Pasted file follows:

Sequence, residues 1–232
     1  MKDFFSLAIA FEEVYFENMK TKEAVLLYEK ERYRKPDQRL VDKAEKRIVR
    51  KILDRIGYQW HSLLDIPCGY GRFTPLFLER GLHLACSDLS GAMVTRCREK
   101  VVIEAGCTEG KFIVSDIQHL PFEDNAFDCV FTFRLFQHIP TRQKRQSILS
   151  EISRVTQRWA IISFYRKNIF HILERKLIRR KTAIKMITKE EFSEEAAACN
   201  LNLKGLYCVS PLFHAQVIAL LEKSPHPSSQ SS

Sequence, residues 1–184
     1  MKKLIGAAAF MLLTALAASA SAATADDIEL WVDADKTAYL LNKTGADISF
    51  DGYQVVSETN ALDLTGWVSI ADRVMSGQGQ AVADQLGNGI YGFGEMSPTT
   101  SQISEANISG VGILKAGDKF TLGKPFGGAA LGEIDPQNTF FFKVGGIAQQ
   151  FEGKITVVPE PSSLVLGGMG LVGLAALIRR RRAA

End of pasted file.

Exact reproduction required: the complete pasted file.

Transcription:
Sequence, residues 1–232
     1  MKDFFSLAIA FEEVYFENMK TKEAVLLYEK ERYRKPDQRL VDKAEKRIVR
    51  KILDRIGYQW HSLLDIPCGY GRFTPLFLER GLHLACSDLS GAMVTRCREK
   101  VVIEAGCTEG KFIVSDIQHL PFEDNAFDCV FTFRLFQHIP TRQKRQSILS
   151  EISRVTQRWA IISFYRKNIF HILERKLIRR KTAIKMITKE EFSEEAAACN
   201  LNLKGLYCVS PLFHAQVIAL LEKSPHPSSQ SS

Sequence, residues 1–184
     1  MKKLIGAAAF MLLTALAASA SAATADDIEL WVDADKTAYL LNKTGADISF
    51  DGYQVVSETN ALDLTGWVSI ADRVMSGQGQ AVADQLGNGI YGFGEMSPTT
   101  SQISEANISG VGILKAGDKF TLGKPFGGAA LGEIDPQNTF FFKVGGIAQQ
   151  FEGKITVVPE PSSLVLGGMG LVGLAALIRR RRAA